Have you got time for a reprint? Thought not, read on ...


Spell, check, use spell-check and then check again ...

It pays to get a professional proof-reader to examine your copy for typographical and grammatical errors, especially when you are sending your copy to print. However, it is as important to make sure that your emails, blog posts and social media comments are gaff-free too and that might mean you have to check it yourself. So here are a few simple ways that you can eliminate some common errors:

  • Use an English dictionary to check spellings and turn on the automatic spell-check in English for your email, word processing and other programmes.

  • Read through your copy after you have written it, slowly. Check for words that you know might be wrong - as in our picture example, to “bare with me” is actually an invitation to undress, whereas to “bear with me” asks for patience. Their, there and they’re are easy to mistype (just like to, two and too)!

  • By reading each word slowly we can read what is there, not what our brain tells us is meant. So read through twice at least, once for spelling and again for ‘sense’.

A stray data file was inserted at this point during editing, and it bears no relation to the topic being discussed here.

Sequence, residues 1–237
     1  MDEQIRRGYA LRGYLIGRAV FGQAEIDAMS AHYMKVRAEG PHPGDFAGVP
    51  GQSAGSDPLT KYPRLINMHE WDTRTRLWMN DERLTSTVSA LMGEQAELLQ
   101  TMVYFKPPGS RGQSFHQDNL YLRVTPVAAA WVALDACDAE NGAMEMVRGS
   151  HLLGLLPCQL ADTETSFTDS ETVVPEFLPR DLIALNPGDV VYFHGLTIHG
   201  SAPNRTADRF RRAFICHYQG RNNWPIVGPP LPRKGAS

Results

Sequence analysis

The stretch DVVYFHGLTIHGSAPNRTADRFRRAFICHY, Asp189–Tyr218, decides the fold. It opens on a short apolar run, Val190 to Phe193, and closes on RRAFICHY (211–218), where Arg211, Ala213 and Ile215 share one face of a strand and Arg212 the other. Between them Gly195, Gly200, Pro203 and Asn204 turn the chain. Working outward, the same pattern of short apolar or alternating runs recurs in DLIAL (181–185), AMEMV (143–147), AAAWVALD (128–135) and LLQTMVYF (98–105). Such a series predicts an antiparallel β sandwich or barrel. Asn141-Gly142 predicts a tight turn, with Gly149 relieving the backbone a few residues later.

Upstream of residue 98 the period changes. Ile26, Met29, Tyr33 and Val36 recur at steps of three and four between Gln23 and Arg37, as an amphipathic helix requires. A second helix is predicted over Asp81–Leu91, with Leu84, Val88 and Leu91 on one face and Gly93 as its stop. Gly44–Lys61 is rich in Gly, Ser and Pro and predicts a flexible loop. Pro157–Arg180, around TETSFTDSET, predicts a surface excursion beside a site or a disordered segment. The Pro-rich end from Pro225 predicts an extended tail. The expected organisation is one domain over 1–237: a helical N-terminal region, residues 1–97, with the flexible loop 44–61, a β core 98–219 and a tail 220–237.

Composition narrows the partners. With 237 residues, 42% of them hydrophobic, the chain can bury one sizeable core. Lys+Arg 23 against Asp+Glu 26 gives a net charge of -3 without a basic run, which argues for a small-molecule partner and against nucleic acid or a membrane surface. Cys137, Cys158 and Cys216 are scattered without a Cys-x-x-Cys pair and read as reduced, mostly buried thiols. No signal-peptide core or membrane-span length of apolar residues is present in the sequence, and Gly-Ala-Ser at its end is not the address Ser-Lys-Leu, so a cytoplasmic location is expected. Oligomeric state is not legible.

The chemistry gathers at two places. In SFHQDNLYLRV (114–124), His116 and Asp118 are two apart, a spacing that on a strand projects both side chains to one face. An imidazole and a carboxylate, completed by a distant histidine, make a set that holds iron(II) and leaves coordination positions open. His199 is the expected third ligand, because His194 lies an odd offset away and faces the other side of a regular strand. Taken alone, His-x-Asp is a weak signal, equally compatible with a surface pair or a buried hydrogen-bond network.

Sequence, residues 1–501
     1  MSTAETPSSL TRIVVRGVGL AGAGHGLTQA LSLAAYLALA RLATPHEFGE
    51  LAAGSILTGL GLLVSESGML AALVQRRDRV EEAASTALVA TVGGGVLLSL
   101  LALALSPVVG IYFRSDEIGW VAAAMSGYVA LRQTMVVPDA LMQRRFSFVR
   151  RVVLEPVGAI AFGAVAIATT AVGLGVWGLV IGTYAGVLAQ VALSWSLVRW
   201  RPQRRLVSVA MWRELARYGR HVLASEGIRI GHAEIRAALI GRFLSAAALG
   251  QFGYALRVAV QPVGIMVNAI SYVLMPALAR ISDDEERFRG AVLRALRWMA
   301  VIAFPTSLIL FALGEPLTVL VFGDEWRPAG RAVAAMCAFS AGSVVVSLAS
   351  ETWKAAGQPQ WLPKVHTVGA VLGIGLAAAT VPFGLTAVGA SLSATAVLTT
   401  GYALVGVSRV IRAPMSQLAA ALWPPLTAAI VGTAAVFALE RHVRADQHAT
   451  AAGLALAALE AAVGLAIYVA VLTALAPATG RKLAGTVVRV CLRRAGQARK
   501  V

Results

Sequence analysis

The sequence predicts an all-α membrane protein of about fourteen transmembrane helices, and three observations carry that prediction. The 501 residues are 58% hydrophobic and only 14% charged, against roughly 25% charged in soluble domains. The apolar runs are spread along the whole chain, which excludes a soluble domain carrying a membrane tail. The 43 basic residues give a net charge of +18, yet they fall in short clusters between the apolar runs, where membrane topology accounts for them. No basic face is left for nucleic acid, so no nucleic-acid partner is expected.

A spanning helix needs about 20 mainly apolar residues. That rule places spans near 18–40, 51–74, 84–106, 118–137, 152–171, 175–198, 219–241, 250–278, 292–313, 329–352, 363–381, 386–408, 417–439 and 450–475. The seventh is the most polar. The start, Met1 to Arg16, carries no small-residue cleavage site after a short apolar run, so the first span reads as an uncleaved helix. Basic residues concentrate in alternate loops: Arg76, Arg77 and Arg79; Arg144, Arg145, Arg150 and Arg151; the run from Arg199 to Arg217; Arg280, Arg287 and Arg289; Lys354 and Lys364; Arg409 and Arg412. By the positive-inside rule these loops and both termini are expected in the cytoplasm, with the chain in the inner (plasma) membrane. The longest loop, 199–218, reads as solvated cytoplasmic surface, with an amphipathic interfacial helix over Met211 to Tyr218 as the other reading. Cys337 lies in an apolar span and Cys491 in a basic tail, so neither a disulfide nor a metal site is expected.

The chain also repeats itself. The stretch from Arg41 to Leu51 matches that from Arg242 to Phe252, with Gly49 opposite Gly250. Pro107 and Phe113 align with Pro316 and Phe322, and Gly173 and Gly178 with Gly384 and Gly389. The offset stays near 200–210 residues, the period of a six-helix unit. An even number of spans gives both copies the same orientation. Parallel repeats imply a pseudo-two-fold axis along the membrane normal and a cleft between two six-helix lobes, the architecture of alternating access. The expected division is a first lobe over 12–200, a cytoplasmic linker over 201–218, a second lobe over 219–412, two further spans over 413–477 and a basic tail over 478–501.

• If you read copy backwards you can see typos that otherwise get lost because your mind knows what word to put next - we could see ‘what it if went wrong’ as easily as ‘what if it went wrong’ - and then it could all go wrong!

  • Remember that digital spell checkers will only check if a word is spelled correctly. It will not tell you if it is in the right place or if there should be a comma after it. Checking punctuation is a whole new subject but the most commonly seen grammatical error is the misuse of the apostrophe. Rosie’s apples are fruit that belong to Rosie but she would not advertise that she had “apple’s for sale”.

  • Beware when you copy and paste text or cut/insert words that you do not remove something you shouldn’t, especially little details like a space between words. Remember that edited text could contain a different font, font size or weight so after spelling, punctuation and sense you should also check for consistency.

For helpful advice in preparing your files for print just ask claire@fullsquare.net